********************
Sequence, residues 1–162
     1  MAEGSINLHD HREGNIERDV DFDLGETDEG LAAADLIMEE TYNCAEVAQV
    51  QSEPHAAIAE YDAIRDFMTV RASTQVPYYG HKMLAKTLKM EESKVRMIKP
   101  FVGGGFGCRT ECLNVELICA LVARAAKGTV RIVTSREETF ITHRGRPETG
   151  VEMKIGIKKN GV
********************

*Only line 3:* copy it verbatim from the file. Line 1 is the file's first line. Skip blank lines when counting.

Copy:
    51  QSEPHAAIAE YDAIRDFMTV RASTQVPYYG HKMLAKTLKM EESKVRMIKP